The Virgin Money London Marathon is at the centre of a Twitter storm over its policy of not awarding finishers’ medals to visually impaired guide runners. Guides receive free entry, but do not receive a chip, official time, T-shirt, finisher’s medal, or any of the other benefits of registration.
Unbelievable that @LondonMarathon have advised guide runners will not receive medals at this year’s marathon. What message does that send on how they value the support provided to participants in disability sport? @BritBlindSport @FoxNikkiFox @VICTAChildren @RNIB @ukrunchat https://t.co/EjVcudKytQ
— Simon Elliott (@selliott666) January 3, 2019
When several individuals asked the organization about the matter, they reported receiving written confirmation that guides for the visually impaired were not entitled to receive a finisher’s medal.
The Twitter thread provoked numerous angry comments directed at race organizers, calling for the policy’s reversal, claiming that Paralympic guides and pacers are recognized, and pointing out that guides must train and prepare for the distance just as their athlete does. Moreover, they claim, the policy sends the wrong message, in an era of supposed inclusion for visually impaired athletes. Many individuals tweeted at Virgin founder Sir Richard Branson to have the policy reversed.
For the sake of comparison, one tweeter helpfully provided the relevant “Instructions for Guides” portion of the New York City Marathon‘s rules, which indicate that guide runners receive a finisher’s medal but no official time, since they are there only to support the visually impaired athlete and are considered their teammate.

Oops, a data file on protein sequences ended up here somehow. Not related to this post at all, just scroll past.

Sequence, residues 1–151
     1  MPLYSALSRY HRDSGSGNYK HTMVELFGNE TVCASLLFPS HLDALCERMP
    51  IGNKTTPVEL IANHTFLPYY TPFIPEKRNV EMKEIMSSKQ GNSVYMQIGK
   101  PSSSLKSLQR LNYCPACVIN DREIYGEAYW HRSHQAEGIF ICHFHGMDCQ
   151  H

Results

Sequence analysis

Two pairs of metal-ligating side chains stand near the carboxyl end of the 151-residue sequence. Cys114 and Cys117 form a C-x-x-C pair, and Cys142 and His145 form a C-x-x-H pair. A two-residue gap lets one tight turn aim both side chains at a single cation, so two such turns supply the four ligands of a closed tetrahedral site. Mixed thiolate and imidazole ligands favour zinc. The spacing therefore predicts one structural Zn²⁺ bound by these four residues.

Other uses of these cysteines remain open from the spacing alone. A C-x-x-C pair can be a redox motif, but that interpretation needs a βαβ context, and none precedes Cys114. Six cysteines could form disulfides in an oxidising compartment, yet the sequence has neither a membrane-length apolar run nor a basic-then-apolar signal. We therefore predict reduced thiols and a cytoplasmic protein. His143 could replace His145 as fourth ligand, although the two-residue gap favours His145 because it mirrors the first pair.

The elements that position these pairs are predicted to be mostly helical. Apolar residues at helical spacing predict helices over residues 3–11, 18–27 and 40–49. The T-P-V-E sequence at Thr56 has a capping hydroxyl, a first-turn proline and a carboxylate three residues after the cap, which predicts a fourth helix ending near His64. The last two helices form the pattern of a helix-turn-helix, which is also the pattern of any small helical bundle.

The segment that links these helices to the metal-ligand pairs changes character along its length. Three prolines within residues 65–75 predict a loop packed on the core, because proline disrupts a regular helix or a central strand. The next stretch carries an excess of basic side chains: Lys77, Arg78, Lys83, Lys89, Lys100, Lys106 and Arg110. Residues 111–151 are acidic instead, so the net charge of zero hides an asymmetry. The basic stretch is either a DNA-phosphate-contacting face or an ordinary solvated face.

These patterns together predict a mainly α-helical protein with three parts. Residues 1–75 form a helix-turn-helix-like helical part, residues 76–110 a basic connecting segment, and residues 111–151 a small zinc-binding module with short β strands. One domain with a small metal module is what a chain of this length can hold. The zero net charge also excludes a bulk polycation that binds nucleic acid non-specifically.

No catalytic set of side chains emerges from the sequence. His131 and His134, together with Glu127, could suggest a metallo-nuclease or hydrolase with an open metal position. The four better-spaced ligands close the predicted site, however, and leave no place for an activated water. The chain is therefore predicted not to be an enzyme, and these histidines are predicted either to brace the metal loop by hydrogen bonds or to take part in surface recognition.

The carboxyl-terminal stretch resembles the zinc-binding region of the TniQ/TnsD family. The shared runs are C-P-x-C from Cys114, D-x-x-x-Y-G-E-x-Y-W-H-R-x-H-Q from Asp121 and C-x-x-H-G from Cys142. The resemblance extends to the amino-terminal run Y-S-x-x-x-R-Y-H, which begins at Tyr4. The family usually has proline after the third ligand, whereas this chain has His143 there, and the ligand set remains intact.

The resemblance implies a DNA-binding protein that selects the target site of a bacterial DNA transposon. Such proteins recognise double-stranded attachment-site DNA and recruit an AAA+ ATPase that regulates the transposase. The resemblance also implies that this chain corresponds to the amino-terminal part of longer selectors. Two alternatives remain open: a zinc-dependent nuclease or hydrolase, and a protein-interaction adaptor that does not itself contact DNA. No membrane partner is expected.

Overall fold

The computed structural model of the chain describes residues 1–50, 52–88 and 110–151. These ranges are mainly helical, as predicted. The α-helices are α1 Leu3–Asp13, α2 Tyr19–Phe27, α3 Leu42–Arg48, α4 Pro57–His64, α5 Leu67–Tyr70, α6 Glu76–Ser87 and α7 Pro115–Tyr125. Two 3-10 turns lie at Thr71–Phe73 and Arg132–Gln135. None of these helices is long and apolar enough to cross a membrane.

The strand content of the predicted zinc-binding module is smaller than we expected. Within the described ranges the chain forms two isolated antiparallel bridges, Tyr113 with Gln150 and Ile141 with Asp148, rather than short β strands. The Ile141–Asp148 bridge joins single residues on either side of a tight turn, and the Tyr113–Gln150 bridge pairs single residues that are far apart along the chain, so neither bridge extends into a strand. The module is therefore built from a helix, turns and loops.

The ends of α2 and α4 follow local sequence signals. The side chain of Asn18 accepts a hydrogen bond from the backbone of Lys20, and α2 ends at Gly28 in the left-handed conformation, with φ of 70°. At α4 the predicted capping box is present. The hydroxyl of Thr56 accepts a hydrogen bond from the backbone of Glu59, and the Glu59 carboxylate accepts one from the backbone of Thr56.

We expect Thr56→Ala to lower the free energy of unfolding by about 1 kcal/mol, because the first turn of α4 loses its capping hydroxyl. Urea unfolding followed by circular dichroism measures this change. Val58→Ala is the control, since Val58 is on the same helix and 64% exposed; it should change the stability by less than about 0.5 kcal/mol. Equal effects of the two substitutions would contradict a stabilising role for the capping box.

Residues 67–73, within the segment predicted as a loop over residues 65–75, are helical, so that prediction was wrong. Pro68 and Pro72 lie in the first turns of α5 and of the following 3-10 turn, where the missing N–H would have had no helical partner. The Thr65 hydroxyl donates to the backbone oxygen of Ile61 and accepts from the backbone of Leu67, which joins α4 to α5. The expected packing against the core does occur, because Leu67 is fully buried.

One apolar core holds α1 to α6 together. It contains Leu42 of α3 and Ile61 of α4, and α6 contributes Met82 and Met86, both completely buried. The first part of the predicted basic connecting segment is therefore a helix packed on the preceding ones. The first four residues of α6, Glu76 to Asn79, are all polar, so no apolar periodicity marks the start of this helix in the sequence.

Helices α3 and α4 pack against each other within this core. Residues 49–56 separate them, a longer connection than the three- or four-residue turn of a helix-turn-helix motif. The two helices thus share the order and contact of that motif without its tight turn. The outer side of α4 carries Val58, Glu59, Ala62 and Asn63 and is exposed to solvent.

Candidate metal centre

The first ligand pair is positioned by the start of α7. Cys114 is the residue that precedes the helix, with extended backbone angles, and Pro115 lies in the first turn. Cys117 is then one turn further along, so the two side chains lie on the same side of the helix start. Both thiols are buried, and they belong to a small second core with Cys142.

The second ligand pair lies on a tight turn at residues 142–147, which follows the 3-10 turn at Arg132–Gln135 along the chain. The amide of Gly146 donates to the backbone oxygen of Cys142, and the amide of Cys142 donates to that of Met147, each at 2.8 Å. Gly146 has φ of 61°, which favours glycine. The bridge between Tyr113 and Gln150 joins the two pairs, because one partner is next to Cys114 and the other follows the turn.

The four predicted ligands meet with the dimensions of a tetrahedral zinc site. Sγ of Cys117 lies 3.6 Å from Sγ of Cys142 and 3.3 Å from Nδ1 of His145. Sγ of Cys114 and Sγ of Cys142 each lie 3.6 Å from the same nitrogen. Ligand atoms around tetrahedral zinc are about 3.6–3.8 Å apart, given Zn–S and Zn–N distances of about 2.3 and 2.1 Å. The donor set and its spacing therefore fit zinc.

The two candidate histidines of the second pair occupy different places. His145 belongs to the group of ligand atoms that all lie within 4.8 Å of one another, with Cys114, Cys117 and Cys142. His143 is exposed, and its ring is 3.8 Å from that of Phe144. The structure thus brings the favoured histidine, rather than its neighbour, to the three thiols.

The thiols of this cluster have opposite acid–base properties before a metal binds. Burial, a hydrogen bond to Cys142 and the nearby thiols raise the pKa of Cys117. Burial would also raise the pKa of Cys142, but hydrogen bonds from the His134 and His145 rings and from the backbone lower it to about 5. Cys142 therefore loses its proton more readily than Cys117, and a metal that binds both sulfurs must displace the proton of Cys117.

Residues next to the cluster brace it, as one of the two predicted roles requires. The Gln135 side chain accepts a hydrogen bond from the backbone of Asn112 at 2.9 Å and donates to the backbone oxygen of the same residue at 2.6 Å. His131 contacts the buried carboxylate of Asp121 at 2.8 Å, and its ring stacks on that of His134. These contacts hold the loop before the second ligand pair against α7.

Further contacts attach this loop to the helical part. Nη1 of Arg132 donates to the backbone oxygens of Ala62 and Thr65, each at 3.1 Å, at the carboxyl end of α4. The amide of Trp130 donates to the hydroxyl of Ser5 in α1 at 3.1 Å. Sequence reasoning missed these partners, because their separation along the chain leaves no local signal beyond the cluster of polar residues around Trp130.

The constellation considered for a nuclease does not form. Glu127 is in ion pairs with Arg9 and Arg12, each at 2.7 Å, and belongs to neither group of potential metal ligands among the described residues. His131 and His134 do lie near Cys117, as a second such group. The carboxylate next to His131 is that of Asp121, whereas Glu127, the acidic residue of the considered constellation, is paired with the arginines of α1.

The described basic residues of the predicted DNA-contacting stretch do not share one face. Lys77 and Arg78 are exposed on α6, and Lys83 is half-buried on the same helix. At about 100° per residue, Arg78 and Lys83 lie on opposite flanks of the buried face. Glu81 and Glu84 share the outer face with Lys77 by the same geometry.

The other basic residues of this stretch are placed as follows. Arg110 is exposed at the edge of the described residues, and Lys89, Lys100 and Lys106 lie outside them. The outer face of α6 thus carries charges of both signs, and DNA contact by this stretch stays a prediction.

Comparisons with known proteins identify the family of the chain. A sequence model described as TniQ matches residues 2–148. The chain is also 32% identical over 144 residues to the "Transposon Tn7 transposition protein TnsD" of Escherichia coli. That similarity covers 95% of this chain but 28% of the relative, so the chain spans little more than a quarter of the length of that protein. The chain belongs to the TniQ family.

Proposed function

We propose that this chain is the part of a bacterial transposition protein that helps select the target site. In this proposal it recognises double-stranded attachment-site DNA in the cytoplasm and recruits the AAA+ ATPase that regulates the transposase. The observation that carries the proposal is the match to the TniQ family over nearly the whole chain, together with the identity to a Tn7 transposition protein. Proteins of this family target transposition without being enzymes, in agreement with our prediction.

Though some criticized the guides for complaining about the lack of recognition, it was clear it was the differently-abled athletes and not the guides who were most upset about the policy.
“The most important part for the disabled athlete is their guide’s free entry,” says Rhonda-Marie Park, a visually impaired runner from southern Ontario. “Of the… main barriers that often stand in the way of a disabled person’s ability to participate, financial strain is a big issue.” Though that’s not the case here (London does give guides free entry), many feel guides should at least be given a shirt and a medal in recognition for their willingness to train and guide a disabled runner.
The story was picked up by Sky News and the Daily Telegraph on Friday. Sky News quoted race director Hugh Brasher confirming that guides are not official entrants, that they do not pay a registration fee, that they are not entitled to any of the benefits of participating beyond guiding their runner, and that this has been the policy of the London Marathon for “many years.”